The viability standard, relied on by two members of the majority as the time when a fatal injury to a fetus gives rise to a wrongful death action, is arbitrary, unworkable and the outgrowth of a fundamental misunderstanding of generally accepted scientific facts. Viability should be rejected as a standard for determining whether a fetus is a "person" in the context of our wrongful death statute.

At the outset it is important to note that this case is not controlled by the cases involving a pregnant woman's "right of privacy." In this case, the rights of the expectant mother and the rights of the fetus are parallel and not in conflict. An examination of the history of the law relating to tort causes of action for negligent infliction of prenatal injury begins well before *67 Roe v. Wade, 410 U.S. 113, 93 S. Ct. 705, 35 L. Ed. 2d 147 (1973).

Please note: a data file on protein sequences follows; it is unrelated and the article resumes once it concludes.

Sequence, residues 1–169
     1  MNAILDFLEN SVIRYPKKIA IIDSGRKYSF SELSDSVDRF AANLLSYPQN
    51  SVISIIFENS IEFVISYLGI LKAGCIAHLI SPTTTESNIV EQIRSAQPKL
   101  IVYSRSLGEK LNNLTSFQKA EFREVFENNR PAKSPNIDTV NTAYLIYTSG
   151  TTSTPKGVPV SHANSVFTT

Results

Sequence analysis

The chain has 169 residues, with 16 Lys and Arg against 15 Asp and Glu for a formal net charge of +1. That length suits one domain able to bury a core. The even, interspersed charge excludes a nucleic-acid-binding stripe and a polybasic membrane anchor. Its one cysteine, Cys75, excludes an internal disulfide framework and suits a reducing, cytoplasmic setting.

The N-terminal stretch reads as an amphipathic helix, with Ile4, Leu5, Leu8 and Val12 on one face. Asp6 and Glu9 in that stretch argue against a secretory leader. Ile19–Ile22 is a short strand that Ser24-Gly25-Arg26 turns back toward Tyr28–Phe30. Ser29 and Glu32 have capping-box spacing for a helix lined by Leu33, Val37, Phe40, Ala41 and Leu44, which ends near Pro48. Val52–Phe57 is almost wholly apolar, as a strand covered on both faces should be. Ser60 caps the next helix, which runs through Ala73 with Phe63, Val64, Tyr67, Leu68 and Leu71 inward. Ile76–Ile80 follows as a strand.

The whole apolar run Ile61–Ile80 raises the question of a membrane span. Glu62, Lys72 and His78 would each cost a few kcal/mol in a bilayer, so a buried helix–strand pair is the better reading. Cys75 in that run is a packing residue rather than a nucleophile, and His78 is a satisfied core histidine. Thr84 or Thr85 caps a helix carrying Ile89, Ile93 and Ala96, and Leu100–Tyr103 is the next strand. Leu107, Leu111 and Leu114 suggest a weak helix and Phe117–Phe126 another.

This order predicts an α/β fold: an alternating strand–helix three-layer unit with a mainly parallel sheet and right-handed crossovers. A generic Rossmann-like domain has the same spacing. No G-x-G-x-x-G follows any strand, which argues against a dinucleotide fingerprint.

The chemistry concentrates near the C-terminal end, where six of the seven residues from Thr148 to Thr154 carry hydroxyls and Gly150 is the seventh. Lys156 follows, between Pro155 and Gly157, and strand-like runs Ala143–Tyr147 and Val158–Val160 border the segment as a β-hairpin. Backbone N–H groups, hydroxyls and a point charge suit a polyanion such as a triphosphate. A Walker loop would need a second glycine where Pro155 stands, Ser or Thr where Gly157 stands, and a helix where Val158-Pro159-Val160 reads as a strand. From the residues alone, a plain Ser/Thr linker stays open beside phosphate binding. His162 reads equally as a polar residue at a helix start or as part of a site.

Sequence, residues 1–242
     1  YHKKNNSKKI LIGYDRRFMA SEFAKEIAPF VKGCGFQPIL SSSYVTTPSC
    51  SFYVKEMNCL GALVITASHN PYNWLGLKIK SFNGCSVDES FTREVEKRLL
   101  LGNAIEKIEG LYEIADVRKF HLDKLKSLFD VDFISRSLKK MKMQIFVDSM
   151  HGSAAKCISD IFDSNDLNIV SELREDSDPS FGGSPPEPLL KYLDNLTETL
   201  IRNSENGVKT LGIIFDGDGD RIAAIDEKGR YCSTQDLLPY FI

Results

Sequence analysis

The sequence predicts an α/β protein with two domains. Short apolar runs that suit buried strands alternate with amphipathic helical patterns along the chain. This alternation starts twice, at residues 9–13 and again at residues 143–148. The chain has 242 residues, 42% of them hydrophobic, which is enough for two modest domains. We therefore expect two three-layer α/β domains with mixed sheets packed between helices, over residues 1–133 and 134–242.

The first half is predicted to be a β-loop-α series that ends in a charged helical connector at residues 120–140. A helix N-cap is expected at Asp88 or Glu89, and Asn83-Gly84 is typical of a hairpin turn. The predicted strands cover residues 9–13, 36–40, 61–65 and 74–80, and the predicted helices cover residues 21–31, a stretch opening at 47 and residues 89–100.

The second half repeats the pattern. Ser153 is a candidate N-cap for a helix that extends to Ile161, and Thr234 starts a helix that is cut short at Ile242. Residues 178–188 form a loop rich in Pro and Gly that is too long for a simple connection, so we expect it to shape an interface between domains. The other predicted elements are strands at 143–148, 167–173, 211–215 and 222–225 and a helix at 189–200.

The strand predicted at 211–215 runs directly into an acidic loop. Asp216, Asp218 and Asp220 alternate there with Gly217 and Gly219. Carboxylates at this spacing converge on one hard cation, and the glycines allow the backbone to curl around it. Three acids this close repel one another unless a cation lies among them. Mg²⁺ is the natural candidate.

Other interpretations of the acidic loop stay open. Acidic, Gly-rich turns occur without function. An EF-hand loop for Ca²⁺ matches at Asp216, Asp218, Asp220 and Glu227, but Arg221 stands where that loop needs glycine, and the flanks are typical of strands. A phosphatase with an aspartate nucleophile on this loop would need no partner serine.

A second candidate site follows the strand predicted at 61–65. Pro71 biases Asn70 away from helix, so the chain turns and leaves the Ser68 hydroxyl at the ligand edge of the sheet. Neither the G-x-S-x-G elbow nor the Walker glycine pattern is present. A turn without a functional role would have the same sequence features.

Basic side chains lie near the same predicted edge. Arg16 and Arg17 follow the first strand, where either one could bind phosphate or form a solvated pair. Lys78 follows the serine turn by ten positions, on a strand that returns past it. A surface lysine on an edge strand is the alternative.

The great Judge (later Justice) Holmes, writing for the Massachusetts Supreme Judicial Court, was the first American to author an opinion on the subject of prenatal injury. Dietrich v. Inhabitants of Northampton, 138 Mass. 14 (1884). A woman four months pregnant had fallen on a defective highway, causing the premature birth of an infant. The child was delivered alive but, due to its prematurity, died within minutes. The child's estate sued for damages. Holmes rejected arguments based upon Lord Coke's statement of the English common law that, "If a woman is quick with child ... or if a man beats her, and the child is born alive and dies ... of the battery, this is murder." Id. at 16-17. Holmes noted that "quick" means some degree of "quasi-independent life" under Massachusetts caselaw. He questioned whether any duty was owed to "one not yet in being," and concluded that "as the unborn child was part of the mother at the time of the injury, any damage to it which was not too remote to be recovered for at all was recoverable by her." Id. Recovery by the estate of the premature child was denied.